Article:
Necas issued a statement Wednesday warning the move by Albanian regulators will hurt Tirana's chances of joining the European Union and gave the government's full backing to CEZ's decision to seek financial arbitration over the dispute, which the company says will cost it more than $250 million in lost investments.
"I see the removal of a license from CEZ, the largest Czech investor in the region, by the Albanian authorities as a very negative signal for the traditionally very good and friendly relations between the two countries," the prime minister said.
"The approach of the Albanian authorities to CEZ is a great disappointment."
The Czech company -- the largest utility in Central and Eastern Europe -- saw the license of subsidiary CEZ Shperndarje stripped by the Albanian regulatory agency ERE Monday after months disputes over its performance in the country.
CEZ indicated Monday it would lodge a formal protest against the decision and take the initial steps to seek international arbitration.
Necas said the decision shook Prague's faith that Albania is "a state that respects the law and a healthy investment environment, including protection for foreign investment."
Doubts about the safety of business investments in Albania will damage its hopes of EU accession, he warned.
"For membership in the European Union, Albania must show that it is a state which respects the rule of law and observes the basic rules which govern the standard market environment," Necas said.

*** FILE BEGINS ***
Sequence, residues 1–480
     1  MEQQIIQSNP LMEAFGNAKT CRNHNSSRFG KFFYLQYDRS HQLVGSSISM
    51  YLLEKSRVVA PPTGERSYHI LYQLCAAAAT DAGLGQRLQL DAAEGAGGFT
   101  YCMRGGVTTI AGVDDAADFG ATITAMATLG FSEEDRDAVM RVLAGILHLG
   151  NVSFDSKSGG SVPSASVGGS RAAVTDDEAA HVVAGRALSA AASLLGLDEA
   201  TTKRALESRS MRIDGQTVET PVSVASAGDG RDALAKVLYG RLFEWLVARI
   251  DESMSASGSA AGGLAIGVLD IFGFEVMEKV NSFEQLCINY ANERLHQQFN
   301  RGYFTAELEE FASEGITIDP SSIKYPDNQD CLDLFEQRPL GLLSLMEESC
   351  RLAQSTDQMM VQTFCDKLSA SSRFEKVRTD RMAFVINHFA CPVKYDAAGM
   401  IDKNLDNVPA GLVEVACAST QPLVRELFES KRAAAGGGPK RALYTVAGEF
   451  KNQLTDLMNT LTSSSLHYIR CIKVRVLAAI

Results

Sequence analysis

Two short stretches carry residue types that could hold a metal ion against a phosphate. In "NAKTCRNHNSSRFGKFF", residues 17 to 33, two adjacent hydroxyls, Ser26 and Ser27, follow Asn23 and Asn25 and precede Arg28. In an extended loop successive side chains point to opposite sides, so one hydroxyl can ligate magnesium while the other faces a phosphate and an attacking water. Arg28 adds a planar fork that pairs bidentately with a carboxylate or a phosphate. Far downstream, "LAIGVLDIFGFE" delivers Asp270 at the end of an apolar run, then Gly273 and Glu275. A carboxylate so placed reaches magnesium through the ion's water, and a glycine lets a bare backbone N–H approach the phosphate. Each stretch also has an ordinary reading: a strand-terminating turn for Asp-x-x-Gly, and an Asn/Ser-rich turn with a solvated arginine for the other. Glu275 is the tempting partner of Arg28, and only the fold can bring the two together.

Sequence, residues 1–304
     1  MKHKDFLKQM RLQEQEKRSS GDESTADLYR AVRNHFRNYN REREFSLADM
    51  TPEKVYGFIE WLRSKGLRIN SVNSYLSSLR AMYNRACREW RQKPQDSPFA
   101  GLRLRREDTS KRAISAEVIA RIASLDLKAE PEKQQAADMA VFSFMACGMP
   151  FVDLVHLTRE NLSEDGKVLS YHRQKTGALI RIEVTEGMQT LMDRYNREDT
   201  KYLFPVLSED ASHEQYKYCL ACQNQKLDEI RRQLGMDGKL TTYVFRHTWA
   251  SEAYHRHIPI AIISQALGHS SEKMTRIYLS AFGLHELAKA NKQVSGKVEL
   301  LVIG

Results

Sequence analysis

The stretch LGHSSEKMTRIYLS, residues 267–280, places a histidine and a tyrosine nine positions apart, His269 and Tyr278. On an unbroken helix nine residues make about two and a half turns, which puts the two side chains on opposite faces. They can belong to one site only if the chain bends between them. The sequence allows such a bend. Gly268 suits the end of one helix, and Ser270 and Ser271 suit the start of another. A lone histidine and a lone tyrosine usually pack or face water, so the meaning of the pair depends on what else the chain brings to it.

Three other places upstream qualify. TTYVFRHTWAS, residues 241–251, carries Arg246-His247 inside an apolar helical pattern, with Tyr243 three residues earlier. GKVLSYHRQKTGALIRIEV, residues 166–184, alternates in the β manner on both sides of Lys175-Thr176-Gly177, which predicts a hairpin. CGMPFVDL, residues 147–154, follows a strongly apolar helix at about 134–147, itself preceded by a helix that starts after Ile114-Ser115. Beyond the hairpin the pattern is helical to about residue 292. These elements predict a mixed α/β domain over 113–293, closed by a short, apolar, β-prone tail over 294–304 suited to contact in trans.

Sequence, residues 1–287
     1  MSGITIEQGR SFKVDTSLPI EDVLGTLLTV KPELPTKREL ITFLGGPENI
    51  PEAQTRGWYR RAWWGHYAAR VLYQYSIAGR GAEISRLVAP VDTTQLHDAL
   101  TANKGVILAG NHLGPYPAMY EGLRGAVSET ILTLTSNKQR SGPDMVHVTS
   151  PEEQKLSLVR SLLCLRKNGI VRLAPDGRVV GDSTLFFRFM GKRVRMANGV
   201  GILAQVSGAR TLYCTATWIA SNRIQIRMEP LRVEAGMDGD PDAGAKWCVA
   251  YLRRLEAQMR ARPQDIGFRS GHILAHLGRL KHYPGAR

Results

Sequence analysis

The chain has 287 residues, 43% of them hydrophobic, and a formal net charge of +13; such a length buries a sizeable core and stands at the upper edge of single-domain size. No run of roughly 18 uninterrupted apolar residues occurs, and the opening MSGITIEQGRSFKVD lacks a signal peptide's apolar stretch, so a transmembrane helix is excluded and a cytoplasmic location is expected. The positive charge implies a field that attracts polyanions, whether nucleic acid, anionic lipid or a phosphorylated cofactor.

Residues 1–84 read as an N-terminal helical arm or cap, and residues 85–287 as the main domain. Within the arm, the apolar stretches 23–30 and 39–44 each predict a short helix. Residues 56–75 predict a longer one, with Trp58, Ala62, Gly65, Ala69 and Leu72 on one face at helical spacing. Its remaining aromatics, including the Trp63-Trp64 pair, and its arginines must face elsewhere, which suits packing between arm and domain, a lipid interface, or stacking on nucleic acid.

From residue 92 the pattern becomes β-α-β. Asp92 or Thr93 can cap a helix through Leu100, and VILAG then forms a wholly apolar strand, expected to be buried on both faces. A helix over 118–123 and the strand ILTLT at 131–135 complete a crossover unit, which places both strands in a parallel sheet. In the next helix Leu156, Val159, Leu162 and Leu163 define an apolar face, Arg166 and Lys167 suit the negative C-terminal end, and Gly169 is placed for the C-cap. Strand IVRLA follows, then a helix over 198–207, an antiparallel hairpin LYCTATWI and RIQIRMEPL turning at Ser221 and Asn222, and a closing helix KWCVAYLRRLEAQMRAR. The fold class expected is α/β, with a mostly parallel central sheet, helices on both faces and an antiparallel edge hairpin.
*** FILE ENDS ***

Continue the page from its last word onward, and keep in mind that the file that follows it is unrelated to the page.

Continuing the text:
CEZ, he added, "has my full support in any claim for damages which it has suffered through the approach of the Albanians," but he also said it's important for the company's leaders to "review their experience from this risky investment, to draw conclusions for the originators of the project and to avoid similar investments in future."
CEZ entered the Albanian market in 2009, buying a 76 percent stake in the state-owned electricity distribution grid for $135 million and followed that with an additional $133 million for upgrades.
The problems started in earnest last year when the state-owned electricity producer from which CEZ Shperndarje was buying power hiked its wholesale prices by 100 percent, but regulators ruled it couldn't pass the hikes along to consumers, thus causing immediate losses, Radio Prague reported.
Another big challenge for the Czech company was convincing Albanian consumers to pay for their consumption of something that many in the country regard as a natural commodity and take for granted, the broadcaster said.
For its part, ERE claimed CEZ didn't measure up to its requirements in running the grid and so was in violation of the conditions of the agreement that had allowed it into the Albanian market.
The regulators cited collective power outages, with the final straw coming when CEZ cut off power to water utilities that had unpaid bills, leaving more than half of the country without water service, the Albanian daily Tema reported.
That move led to a wave of popular indignation and prompted the government to obtain a court order forcing CEZ to restore power while resolving the conflict.
The newspaper said the CEZ license removal represented one of the greatest failures in the privatization of strategic enterprises ever in Albania.